ChatGPT can be a helpful tool, but it's not perfect. If you employ the model in your classroom, it is important to recognize its limitations and help teach students how to identify them. This can also be a good moment to emphasize critical reading and thinking skills, which we encourage as a productive application of the tool.
It might sound right but be wrong
Sometimes, ChatGPT sounds convincing, but it might give you incorrect or misleading information (often called a “hallucination” in the literature).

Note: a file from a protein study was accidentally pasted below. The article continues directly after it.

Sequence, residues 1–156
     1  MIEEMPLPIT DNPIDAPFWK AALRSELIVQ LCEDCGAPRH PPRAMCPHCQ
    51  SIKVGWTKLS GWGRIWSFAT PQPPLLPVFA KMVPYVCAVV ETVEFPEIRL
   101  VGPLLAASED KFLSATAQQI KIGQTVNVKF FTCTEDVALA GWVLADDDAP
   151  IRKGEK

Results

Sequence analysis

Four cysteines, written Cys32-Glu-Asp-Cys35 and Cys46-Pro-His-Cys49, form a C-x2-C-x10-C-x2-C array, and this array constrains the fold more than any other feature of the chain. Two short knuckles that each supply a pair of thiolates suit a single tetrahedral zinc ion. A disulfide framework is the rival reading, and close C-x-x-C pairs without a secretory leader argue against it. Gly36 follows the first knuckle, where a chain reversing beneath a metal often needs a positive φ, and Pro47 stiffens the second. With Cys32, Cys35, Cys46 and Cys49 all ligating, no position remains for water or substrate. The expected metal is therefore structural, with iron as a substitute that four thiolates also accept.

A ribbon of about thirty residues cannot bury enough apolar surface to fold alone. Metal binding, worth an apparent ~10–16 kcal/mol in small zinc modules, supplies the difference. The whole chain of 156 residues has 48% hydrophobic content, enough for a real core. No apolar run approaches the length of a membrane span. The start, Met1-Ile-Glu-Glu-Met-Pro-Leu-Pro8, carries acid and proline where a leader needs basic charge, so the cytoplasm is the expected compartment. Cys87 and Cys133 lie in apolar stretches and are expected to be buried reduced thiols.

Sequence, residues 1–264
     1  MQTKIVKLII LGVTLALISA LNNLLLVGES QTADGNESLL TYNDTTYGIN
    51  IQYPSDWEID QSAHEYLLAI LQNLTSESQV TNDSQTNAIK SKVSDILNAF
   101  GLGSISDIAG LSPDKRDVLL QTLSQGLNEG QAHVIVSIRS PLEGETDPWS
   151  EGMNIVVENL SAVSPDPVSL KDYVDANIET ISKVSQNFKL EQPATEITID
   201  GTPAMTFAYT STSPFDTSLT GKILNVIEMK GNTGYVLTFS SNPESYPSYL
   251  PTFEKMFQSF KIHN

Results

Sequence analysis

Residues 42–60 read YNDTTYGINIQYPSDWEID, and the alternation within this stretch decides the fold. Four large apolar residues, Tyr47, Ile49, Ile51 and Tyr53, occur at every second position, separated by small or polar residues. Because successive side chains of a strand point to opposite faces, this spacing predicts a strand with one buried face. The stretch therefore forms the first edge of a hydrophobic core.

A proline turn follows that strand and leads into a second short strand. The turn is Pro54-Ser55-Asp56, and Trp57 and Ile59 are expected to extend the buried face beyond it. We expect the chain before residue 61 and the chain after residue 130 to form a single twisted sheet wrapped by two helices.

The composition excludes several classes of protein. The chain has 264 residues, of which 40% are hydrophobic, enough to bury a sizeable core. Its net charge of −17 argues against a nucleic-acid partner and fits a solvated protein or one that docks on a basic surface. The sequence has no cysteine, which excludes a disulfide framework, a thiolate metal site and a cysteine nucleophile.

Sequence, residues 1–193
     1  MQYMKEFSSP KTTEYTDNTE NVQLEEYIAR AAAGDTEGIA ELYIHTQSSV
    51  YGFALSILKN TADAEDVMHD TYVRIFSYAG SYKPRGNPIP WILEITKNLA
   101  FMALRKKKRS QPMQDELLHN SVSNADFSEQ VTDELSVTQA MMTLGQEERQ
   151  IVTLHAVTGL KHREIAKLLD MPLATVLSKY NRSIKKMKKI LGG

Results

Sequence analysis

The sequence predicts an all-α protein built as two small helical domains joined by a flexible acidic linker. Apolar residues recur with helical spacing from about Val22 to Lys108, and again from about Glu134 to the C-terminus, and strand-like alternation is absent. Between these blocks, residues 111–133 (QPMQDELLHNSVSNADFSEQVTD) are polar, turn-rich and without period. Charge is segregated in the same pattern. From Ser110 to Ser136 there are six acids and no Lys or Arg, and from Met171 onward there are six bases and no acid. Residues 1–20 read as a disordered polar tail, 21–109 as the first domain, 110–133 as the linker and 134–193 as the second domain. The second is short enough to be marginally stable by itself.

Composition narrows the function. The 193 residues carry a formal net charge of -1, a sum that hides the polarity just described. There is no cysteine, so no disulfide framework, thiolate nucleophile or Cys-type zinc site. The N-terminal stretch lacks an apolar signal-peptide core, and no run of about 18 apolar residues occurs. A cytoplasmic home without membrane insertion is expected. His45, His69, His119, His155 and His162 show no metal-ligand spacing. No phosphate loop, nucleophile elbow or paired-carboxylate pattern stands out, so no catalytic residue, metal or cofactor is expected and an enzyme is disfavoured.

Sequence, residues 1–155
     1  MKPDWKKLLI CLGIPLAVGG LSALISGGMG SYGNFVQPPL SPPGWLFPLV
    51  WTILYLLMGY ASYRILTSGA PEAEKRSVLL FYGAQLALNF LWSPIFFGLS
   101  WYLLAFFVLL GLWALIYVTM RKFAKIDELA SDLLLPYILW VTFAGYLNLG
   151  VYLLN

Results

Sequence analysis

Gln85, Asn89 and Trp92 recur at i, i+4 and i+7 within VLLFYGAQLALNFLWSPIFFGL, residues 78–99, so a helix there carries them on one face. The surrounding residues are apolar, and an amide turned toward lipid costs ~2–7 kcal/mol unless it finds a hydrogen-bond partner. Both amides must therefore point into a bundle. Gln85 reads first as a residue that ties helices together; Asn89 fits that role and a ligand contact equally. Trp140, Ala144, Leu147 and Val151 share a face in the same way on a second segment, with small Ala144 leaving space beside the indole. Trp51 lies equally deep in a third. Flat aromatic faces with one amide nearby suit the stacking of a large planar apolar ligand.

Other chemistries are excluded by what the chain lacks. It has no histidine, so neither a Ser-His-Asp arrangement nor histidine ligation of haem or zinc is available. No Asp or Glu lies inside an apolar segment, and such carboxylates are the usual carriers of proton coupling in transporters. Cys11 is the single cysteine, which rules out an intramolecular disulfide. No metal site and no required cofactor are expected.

It can even make up things like quotes or citations, so don't use it as your only source for research.
Sometimes it might say there's only one answer to a question when there's more to it, or misrepresent different sides of an argument, mistakenly giving each side equal weight.
It doesn’t know everything
ChatGPT's knowledge is not up-to-date, so for the most part, it doesn't know about current events or trends.
ChatGPT is currently primarily trained in English.
We can’t say definitively what it does and does not know, and don’t understand entirely when it does or does not express confidence in incorrect assertions.
No access to tools like calculators or the internet (mostly)
ChatGPT can't browse the web or access up-to-date info from the internet without plugins enabled.
It can't verify facts or do things like complex calculations without access to the Internet or use of plugins.